We can be encouraged that a lot of food manufacturers are trying to eliminate the size and weight of packaging and to use recyclable materials for packaging.

Aluminum cans are about 25 percent lighter than when first introduced.

Here are some simple ways you can reduce your food waste as well as reduce food packaging:

1. Buy fresh fruits and vegetables instead of that in cans, frozen boxes and bags.

2. Buy in bulk, using your own containers from home

3. Buy big boxes of cereal instead of individually packaged cereals.

4. Refrain from buying individual “snack-sized” boxes

5. Buy a large tub of yogurt instead of individual servings

6. Make your own popsicles using reusable molds.

Do you have any of your own tips to reduce food packaging? Share them with us!

Man Vs. Debt

11 Jan

Our theme this month is on collaboration – innovative ideas of people coming together to make the earth a better place, waste less or somehow challenge the overuse of resources.

Today we are exploring the radical life decision of Adam Baker, and the community surrounding him, who decided to sell everything he owned to pay off his family’s consumer debt and live a life where he can make decisions based on what he cares about.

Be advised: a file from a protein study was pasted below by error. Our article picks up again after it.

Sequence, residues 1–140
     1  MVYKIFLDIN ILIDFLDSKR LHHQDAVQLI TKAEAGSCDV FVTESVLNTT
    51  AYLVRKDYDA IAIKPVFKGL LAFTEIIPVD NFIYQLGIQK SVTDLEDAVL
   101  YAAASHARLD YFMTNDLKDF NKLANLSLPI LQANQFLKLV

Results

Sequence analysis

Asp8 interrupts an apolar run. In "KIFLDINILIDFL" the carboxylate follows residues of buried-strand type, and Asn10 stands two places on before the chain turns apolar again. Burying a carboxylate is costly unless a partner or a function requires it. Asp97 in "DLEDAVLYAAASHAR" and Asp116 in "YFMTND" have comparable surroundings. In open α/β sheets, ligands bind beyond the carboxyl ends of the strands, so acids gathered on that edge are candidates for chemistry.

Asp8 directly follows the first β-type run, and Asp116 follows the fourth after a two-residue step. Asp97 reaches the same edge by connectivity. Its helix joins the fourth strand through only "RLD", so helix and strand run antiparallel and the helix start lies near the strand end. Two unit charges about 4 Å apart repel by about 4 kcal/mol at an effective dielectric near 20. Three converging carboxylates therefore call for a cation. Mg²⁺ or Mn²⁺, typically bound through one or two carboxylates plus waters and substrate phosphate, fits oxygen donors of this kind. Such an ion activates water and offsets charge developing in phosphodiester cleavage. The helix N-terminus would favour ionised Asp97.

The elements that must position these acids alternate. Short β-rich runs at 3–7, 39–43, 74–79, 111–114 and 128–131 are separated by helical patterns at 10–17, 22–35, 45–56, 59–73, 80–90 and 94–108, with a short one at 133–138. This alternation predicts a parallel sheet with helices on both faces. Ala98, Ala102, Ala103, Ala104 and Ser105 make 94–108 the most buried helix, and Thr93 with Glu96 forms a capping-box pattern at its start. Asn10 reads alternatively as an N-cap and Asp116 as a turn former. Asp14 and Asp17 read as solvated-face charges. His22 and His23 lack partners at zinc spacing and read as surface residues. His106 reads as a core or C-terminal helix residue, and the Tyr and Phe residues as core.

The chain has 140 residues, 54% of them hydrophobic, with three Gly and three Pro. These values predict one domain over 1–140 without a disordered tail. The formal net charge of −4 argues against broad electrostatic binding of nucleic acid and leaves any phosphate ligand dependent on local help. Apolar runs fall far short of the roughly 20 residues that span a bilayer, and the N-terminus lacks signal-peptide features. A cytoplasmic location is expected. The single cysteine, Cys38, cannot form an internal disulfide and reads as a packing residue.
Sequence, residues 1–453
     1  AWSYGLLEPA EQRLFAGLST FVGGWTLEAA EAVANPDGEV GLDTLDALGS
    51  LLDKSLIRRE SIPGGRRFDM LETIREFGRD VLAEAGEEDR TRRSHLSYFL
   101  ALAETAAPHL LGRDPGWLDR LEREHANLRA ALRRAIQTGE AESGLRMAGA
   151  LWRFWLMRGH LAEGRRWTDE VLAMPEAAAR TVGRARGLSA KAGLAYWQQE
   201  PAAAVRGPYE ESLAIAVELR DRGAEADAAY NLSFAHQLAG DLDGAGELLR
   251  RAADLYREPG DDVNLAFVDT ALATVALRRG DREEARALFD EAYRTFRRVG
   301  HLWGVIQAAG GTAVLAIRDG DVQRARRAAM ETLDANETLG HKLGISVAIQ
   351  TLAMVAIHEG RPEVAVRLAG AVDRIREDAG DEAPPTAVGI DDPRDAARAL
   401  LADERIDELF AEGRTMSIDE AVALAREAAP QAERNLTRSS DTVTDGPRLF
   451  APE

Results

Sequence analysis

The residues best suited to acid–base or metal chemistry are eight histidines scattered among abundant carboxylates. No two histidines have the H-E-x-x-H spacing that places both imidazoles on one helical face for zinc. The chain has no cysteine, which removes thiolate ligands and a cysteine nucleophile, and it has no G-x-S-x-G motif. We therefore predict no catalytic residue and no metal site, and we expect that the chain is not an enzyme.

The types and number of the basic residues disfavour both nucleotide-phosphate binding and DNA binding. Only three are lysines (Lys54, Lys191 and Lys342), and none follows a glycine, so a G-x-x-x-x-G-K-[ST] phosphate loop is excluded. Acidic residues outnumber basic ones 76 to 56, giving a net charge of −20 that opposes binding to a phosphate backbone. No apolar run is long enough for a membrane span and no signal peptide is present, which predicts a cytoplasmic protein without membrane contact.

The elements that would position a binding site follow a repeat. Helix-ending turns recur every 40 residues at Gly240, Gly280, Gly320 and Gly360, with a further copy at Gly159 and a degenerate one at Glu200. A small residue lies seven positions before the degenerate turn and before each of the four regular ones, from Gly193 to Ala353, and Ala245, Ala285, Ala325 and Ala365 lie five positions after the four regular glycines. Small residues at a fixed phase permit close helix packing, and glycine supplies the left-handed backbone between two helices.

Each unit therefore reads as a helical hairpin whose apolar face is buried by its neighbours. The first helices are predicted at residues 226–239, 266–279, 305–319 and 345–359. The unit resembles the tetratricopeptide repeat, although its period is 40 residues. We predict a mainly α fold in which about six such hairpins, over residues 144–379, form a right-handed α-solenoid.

We hear a lot of people say that they can’t afford to care for the environment, buy organic, shop fair-trade or spare time to compost/garden or ride their bikes.  However, it is sometimes difficult to look at our own lives, habits and priorities with an objective perspective to evaluate where we could actually make small, positive changes.  The temptation seems to be to buy cheaply made, one-time use items which are not necessarily in line with our ethics but are super convenient and affordable.

Yet more stuff in your life will not grant you happiness and ultimately often ends up overcrowding the local landfill.  Check out Adam’s Ted Talk on “Doing What You Love”…

Of course not everyone can take such drastic measures to change their lifestyle but each one of us is able to make a changes happen when we want to.  So gather a few friends, decide what you each could change in your lives to reduce your waste, increase your health or somehow make the earth a better place… and take action as a group!  Support and accountability can take us a long way.

Read more about Adam “man vs. debt” here.